The sub-classification of V: (1) VA (un-commitment) pit: the mix of IIIs, III and IV; (2) VN (non-structure) pit: no pit or few pits at local site, however the pit pattern could not be classified.
Result evaluation: lesions with pit patterns of types I and II were confirmed as non-tumor lesion, lesions with pit patterns of type IIIL, IV and V were confirmed as tumor lesions. Lesions with a pathologic diagnosis of inflammation or hyperplasia was recognized as a non-tumor lesion, lesion with a pathologic diagnosis of adenoma or cancer was recognized as a tumor lesion. The final diagnosis depends on the pathologic diagnosis.
The score of pit pattern and blood capillary
The score of the pit pattern and blood capillary was as follow: 1 point: obscure; 2 points: clouding; 3 points: more clear; 4 points: clear.
SPSS10.0 was used for statistical analysis, the method of chi-square test and rank sum test were used, P <0.05 was considered statistically significant.
Total 223 patients with colon neoplasm or polypoid lesions were included; 132 males and 91 females, age range 20–85 years, mean (57.3±11.3) years. 451 lesions were detected, including 242 polyps, 188 adenoma and 21 cancers, among them there were 4 laterally spreading tumor (LST).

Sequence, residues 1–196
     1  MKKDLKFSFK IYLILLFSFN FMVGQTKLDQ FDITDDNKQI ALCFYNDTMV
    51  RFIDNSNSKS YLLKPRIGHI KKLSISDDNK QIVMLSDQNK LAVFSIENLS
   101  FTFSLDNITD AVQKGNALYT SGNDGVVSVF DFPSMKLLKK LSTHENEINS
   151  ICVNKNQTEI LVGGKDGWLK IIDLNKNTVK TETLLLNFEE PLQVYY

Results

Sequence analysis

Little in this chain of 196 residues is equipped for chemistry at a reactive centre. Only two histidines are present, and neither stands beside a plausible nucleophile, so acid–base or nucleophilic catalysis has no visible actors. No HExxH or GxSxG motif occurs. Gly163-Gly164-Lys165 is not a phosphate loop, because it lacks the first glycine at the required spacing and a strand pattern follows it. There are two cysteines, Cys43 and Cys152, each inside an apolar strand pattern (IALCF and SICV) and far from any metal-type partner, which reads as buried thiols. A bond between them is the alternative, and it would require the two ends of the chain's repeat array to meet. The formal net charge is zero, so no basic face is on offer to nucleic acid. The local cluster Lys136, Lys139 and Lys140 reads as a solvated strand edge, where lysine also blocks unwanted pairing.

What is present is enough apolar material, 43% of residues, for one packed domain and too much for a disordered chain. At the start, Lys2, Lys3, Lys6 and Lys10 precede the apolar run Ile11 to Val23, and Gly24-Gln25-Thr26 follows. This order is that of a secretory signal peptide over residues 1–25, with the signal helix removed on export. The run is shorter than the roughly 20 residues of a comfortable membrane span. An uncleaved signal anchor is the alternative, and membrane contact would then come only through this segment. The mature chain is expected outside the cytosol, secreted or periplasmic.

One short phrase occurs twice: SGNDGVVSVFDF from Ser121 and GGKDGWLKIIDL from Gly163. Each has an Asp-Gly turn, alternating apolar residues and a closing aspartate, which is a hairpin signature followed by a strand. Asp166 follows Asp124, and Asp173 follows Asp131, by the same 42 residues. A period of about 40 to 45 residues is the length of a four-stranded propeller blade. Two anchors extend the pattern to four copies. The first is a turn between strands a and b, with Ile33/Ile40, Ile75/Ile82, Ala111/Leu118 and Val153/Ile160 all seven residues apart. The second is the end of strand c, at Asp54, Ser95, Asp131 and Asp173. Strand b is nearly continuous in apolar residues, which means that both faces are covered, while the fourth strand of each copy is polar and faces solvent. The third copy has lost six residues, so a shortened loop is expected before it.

The comparison of magnifying ordinary colonoscopy, FICE and chromoendoscopy for lesion detection
The lesion detection rate of magnifying ordinary colonoscopy, FICE and chromoendoscopy were 411 (91.1%), 447 (99.1%) and 451 (100%), respectively. Among the 21 carcinoma lesions, there were 5 early carcinomas and 16 advanced carcinomas. Advanced colon cancer was detected with magnifying ordinary colonoscopy, FICE and chromoendoscopy. Lesion detection and omission are listed in Table 2. Flat lesions were detected with magnifying chromoendoscopy; among these were 92 IIa, 6 IIb and 34 IIc. Flat lesions were also detected with magnifying FICE, there were 92 IIa, 4 IIb and 32 IIc. Flat lesions that were detected with the magnifying ordinary colonoscopy included 75 IIa, 1 IIb and 16 IIc. The images of normal mucosal membrane by ordinary colonoscopy and FICE are listed in Figure 1. The images of LST by ordinary colonoscopy and FICE are listed in Figure 2.
The comparison of magnifying FICE and chromoendoscopy for the differential diagnosis of tumor and non-tumor
In a comparison of image acuity of magnifying FICE and chromoendoscopy, FICE was superior to ordinary colonoscopy for the diagnosis of pit pattern. FICE could demonstrate the form of blood capillaries more clearly (P <0.01), while there was no statistical difference in the demonstration of pit pattern (Table 3).
The pit pattern of lesions detected with magnifying chromoendoscopy were 19 I and 224 II, that is 243 non-tumorous lesions; 138 IIIL, 41 IV, 8 VA and 21 VN, that is 208 tumor lesions. For the lesions with pit patterns of I and II, they were diagnosed as hyperplastic polyps and inflammatory polyps. Tumor vessels were not observed with FICE, the color of the lesion was similar to the color of surrounding mucosal membrane and no branched blood net was observed with magnifying FICE. Lesions with pit patterns of III, IV and V were almost tumors and tumor vessels could be observed with FICE.